The quality of natural waters in Queensland is managed under the Environmental Protection Policy (Water) 2009 (EPP(Water)). The EPP(Water) achieves the objective of the Environmental Protection Act 1994 (EP Act) to protect Queensland’s waters while supporting ecologically sustainable development. Queensland waters include water in rivers, streams, wetlands, lakes, aquifers, estuaries and coastal areas.
Environmental values (EVs) and water quality objectives (WQOs) are being progressively determined for areas of Queensland (refer to maps of our regions below). EVs define the uses of the water by aquatic ecosystems and for human uses (e.g. drinking water, stock water, irrigation, aquaculture, recreation, industry). WQOs define objectives for the physico-chemical characteristics of the water (e.g. nitrogen content, dissolved oxygen, turbidity). Where sufficient information exists, biological indicators can also be used (e.g. fish, macroinvertebrates). Once they are finalised and approved by Government, EVs/WQOs are included in Schedule 1 of the EPP (Water). EVs/WQOs for Fitzroy Basin waters were scheduled in 2011 (update planned). EVs/WQOs for the Capricorn and Curtis Coasts were scheduled in 2014. FBA was heavily involved in development of these EVs/WQOs, including coordination of regional stakeholder meetings and consultation. Final EVs/WQOs are available from the EHP website.
Local EVs and WQOs inform planning and decision making for development under the Environmental Protection Act (e.g. point source environmentally relevant activities); local government planning and decision making for urban land development under the State Planning Policy—state interest guideline: Water quality; best practice management approaches to address diffuse emissions from rural lands; development of report cards on aquatic ecosystem health; and catchment scale management planning and decisions by regional natural resource management (NRM) bodies.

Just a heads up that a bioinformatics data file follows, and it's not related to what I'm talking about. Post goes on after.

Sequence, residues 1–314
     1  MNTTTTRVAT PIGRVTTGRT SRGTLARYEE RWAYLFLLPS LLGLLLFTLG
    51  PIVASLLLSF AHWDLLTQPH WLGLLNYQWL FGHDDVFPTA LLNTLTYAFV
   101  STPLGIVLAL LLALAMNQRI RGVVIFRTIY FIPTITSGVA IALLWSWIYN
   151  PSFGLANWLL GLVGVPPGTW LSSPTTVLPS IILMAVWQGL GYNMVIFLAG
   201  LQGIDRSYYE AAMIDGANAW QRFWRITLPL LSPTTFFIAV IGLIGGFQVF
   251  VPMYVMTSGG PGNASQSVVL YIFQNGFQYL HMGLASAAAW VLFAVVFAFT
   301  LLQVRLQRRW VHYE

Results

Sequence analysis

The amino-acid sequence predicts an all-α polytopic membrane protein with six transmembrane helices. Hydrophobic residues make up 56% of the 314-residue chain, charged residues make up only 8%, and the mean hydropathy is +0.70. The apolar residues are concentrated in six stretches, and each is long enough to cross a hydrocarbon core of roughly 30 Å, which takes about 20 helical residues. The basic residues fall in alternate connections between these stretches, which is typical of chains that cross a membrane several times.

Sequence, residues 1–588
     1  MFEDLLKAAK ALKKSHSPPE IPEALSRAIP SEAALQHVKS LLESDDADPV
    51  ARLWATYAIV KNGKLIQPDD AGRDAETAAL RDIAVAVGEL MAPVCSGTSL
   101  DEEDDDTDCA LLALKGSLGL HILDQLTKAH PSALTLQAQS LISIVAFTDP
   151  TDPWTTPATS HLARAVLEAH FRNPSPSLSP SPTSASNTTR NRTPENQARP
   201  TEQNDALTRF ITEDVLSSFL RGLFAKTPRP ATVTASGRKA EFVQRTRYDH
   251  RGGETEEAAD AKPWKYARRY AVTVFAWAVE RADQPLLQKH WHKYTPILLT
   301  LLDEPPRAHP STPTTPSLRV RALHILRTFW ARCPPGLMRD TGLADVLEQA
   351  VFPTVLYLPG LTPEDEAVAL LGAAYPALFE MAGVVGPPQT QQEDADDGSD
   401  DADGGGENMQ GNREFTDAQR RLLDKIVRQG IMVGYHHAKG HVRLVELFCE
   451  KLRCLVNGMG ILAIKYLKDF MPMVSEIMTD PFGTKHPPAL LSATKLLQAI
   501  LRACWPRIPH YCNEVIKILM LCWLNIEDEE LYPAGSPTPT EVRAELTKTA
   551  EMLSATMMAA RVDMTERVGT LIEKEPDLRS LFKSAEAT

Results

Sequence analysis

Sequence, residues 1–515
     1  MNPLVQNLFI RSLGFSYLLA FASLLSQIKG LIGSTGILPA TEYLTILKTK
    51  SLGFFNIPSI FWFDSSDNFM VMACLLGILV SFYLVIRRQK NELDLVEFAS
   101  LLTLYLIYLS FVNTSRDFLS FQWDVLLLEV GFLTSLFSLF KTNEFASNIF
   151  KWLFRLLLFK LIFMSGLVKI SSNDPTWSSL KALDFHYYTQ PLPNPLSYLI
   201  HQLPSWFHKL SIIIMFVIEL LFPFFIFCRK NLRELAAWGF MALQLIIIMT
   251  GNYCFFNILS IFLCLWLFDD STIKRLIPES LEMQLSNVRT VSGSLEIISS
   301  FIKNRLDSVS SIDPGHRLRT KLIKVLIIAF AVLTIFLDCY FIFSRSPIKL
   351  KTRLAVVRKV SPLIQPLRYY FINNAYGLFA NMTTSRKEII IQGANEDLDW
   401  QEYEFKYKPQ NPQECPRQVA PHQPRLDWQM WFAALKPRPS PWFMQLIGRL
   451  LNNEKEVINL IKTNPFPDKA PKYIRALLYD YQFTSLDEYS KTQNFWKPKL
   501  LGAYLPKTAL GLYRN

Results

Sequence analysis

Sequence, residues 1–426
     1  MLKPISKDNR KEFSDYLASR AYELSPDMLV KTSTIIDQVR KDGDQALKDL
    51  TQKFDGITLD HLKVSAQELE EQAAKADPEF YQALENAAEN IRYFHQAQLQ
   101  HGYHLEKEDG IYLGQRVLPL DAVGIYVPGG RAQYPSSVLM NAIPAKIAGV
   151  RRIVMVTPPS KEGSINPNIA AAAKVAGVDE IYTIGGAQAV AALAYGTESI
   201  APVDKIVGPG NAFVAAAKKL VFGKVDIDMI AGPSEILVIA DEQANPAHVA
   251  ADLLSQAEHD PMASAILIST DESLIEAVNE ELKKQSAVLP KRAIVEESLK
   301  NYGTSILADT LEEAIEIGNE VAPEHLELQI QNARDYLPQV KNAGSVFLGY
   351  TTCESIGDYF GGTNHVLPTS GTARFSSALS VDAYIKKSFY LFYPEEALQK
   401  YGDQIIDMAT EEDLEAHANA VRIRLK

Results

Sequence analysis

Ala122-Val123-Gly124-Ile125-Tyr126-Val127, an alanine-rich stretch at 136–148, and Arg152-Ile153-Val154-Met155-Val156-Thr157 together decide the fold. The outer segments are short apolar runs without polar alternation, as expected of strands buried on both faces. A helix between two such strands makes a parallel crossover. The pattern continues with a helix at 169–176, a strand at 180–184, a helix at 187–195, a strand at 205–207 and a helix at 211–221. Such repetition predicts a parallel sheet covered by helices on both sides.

As a World Heritage Area and Marine Park, the desired state of the Great Barrier Reef Region is that all ecosystems be of high ecological value. While there are no aquatic ecosystems in Australia that are entirely without some human influence, the ecological integrity of high conservation/ecological-value systems is regarded as being intact. For Great Barrier Reef waters, the area affected by flood plumes with a high risk of impact on critical aquatic ecosystems such as coral reefs and seagrass meadows is acknowledged as being in a slightly to moderately disturbed state (shown on map at right as the plume line). These waters are identified, with some adaptation, through modelled outputs of the risk assessment element of the Reef Scientific Consensus Statement 2013.
For waters of the Great Barrier Reef that are outside state coastal waters, the objectives from adjacent waters of the same type apply. Water seaward of the plume line has typically been identified for the highest level of protection (high ecological value). This management intent extends seaward to the limits of the marine park.
For more detail visit the EHP web site.
Click on the map at right to view the Environmental Values for the Capricorn and Curtis Coastal Waters.